May 9, 2008

Photo tour of Sarah’s last days

Posted in Exploring, Food, Visitors tagged , , , , , , , , at 9:25 pm by Lauren

As usual, I’m behind with some goings-on. I’d like to share some pictures from the last days of Sarah’s visit, April 22 and 23. Fortunately I had hardly any work to do, so I got to bum around with her the entire time.

We began with the Jardin des Plantes, or Paris’ botanical gardens, which I hadn’t visited since 2001 when our tour bus dropped us off for a 15 minute look. My favorite part was the Jardin Alpin, a sunken garden with narrow paths and plantings everywhere. It was an intimate change from the well-planned and perfectly-laid gardens elsewhere in Paris. Entering the garden by passing through a tunnel added to the feeling that you’d discovered this gorgeous place.


It even had a little pond with goldfish.


Exiting the back of the Jardin des Plantes we skirted the Mosquee de Paris.


Then we wandered Rue Mouffetard, which feels medieval for its narrowness (and pedestrian-only designation in places).


We walked together to my tutoring (passing Allee du Seminaire, shown below).


Afterwards I ran into Sarah on the metro at Duroc! What a strange coincidence. We rounded out the night by having a drink with Antoine and Typhaine and strolling past Hotel de Ville and Notre Dame after dark.

The next day Sarah and I walked all over Haussmann’s creation. We tried to lunch at a Cameroonian restaurant (Sarah spent two years in the Peace Corps in Cameroon), but it was closed. We walked back from the far 11th to the Promenade Plantee, which was flowering beautifully (but the sky wasn’t playing along for photos). Then we searched for lunch elsewhere – at Rue de Rosiers, where everything was closed for Passover, at Marriage Freres where we got skittish about the price of a cup of tea, and finally at an Asian traiteur where we munched on roulades de printemps. In between we took a quick look at the ensignes (old signs that would hang over shops) and the Art Nouveau jewelry shop at Musee Carnavalet.

Next, we hopped on the metro and headed to the Champs-Elysees, home of another Laduree – and oh, the Arc de Triomphe and stuff. Whatever, back to the macarons. We admired the gorgeous lily-of-the-valley boxes for May.


And we gorged on macarons.


We also purchased what we liked to call “chocolate spaghetti” but which is actually a Mont Blanc. We held onto it for later. Then we walked to the Eiffel Tower, and the weather was suddenly clear and beautiful for perfect Parisian pictures.


After our little photo shoot (I think I said to Sarah, “After you’ve satisfied yourself with the Eiffel Tower” and then we were both like, “Ummmm…” Okay, who am I kidding – we laughed like American tourists.), we took the RER home and picked up Allen for dinner. We were concerned, however, that we hadn’t had enough desserts in one day. Oh no, that wasn’t it. We were concerned that we wouldn’t be able to get Berthillon after dinner, and it was Sarah’s last day. So we stopped for ice cream first. Sadly, Berthillon itself was closed (school holidays), so our choices were slightly more limited. I got pineapple and caramel.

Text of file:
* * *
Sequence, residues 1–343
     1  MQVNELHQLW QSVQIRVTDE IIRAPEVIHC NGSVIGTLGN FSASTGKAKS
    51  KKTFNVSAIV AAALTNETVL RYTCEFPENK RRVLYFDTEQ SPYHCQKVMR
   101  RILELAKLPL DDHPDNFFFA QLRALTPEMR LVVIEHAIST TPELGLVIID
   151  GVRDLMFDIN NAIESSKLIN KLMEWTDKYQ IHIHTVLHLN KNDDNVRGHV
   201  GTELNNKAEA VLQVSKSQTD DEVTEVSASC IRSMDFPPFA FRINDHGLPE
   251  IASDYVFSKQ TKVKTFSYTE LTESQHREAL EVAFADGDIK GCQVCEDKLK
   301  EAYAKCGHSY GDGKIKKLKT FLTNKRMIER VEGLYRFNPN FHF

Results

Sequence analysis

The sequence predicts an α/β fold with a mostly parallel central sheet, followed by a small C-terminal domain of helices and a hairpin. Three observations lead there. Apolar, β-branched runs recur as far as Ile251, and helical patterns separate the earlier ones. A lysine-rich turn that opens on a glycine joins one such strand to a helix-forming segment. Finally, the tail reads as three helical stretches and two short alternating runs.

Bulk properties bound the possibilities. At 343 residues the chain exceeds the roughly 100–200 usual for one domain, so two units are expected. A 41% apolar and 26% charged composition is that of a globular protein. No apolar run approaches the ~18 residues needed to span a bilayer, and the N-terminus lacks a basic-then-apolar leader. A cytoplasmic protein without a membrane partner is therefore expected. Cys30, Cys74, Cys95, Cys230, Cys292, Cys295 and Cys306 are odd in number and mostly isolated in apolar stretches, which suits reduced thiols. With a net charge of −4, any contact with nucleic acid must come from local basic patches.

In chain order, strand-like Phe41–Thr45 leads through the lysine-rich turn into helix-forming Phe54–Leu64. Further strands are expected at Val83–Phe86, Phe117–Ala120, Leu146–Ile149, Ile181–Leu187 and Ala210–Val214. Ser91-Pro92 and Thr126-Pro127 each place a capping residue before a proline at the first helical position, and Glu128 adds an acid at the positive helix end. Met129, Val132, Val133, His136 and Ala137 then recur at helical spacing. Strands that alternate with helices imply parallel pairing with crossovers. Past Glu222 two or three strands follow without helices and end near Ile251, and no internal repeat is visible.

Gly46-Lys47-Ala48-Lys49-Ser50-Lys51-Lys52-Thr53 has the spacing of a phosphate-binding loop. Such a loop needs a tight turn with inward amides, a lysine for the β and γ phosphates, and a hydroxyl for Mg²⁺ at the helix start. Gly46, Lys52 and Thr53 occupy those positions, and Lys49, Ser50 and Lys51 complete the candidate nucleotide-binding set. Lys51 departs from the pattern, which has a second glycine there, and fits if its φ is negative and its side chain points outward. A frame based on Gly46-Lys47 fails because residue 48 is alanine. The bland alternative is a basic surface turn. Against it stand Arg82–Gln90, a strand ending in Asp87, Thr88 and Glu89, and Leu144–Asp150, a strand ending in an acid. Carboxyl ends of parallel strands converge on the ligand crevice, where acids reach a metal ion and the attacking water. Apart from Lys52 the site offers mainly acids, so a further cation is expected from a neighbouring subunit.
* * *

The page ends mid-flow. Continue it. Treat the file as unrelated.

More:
Then we climbed the hill towards the Pantheon, and more importantly L’Ecurie. We ate our ridiculously cheap (17 euros for entree, plat, dessert, plus a free glass of sangria with the menu and free glass of cognac with the bill) three course dinner in the dank (and intimate!) cellars of L’Ecurie, including another dessert of course. (Sadly, the chocolate mousse was not as good as the creme caramel, which they hadn’t made enough of that day.) The cognac burned us up inside, but we were pretty glad for that trou. (A digestif is sometimes called a trou, which means hole, because it burns right through what’s already in your stomach, and you can eat more! Or not feel fit to burst.) Why were we so glad? We still had the chocolate spaghetti from Laduree at home! 

Sadly, the chocolate spaghetti was a horrible disappointment. As Allen and Sarah will attest, I was really hoping it would be chewy. Instead it was…I can’t quite put my finger on it. I’m terrible at identifying tastes. But it was a little soggy and mushy. The only redeeming portion was the meringue underneath. We threw away a good part of the most expensive pastry I’ve ever paid for half of. Boo. And boo too that we said goodbye to Sarah in the morning. We’ll always have Paris…


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